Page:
This post, with tips and ideas to help students prepare for A2 Key Speaking Part 2, follows on from my previous post, About A2 Key Speaking Part 2.
Let’s consider what candidates are being asked to do in the first phase of Part 2 and think about how we can train them to use a range of lexis and of grammar.
Let’s look at the sample task from the 2020 A2 Key for Schools Handbook, available here.
At the start of Phase 1, candidates are given five pictures to talk about, and are expected to say if they like or don’t like these things (in this case, hobbies).
Tip: Think of two ways
The first thing I train students to do is to look at each picture and try and think of two ways of talking about that picture. For example:
playing video games/gaming
In the A2 Key Speaking Test, of course, they won’t have time to do this for all of the pictures, but by getting them to think of the importance of paraphrasing, they can hopefully use it in the Test.
Sophia (candidate A): I love painting.
Martin (candidate B): I don’t really like art much.
Tell students that the question is also printed on the sheet above the pictures. They can go back to it to remind themselves what they have to speak about.
Tip: Language for talking about likes and dislikes.
So, what language can candidates use to answer the question?
The simplest way, (and something that most students tend to overuse) is to use a verb:
I love/like/don’t like/hate + ing.
But, there are other ways.
Train students to talk about their likes by:
1. Using adjectives to give their opinion.
(Reading) is amazing! / great! /cool!
(Video games) are special.
OK. all right.
not really my thing.
See the A2 Key Wordlist for a range of adjectives that students can use.
2. Contrasting a hobby they like with one they don’t like.
e.g. Playing music is fun, but reading is boring.
3. Saying how often they do something.
I always play video games in the evening.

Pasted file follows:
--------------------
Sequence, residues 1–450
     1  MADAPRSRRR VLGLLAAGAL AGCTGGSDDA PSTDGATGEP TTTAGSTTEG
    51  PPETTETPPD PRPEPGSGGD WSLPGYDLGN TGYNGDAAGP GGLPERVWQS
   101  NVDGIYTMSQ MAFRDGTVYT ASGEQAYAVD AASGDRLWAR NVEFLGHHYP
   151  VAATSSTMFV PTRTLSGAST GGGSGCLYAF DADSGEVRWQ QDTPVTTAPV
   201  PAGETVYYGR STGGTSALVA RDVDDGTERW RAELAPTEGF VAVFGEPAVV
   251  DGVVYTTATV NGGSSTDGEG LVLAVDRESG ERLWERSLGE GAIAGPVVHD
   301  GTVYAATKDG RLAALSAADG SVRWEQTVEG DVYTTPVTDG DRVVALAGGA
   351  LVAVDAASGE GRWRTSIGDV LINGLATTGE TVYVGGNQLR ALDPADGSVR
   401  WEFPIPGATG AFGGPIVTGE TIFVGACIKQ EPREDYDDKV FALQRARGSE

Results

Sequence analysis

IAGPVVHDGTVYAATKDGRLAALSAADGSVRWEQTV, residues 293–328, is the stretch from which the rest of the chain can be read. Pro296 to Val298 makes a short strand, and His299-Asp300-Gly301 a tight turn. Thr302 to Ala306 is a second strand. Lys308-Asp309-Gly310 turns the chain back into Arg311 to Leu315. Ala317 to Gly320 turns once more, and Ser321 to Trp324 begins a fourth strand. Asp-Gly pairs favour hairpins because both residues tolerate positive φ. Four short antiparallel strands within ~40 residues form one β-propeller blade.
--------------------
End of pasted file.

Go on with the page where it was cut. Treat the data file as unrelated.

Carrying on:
My family often relax with a book at weekends.
Me and my friends sometimes play together in a band.
At home, we never do sport.
Tip: Thinking of what to say
Younger students especially, might not have ideas of what to say about one or more of the pictures. What I find useful is to train them to think of someone they know – their grandmother, cousin, neighbour, teacher – and imagine what they would say.
I’m sure that my grandma/ dad/ sister/ brother/ cousin/ teacher thinks that
Tip: Talk about all of the pictures.
If candidates only talk about one or two of the pictures, they are very likely to repeat things or maybe be irrelevant after a while. Train them to aim to talk about all five pictures, (but also tell them that they won’t be penalised if they don’t manage to talk about all five in the time allowed!)
Tip: give reasons and examples.
As well as saying if they do, or don’t like these activities, candidates are asked to say why. Let’s think about the language they can use for this.
In the second part of Phase 1, the examiner will ask each candidate one or more questions on the same theme.
As you can see, the language above (adjectives for opinions and feelings, giving reasons, will also be useful to answer these questions.
In my next post, I’ll focus on Phase 2! Back soon!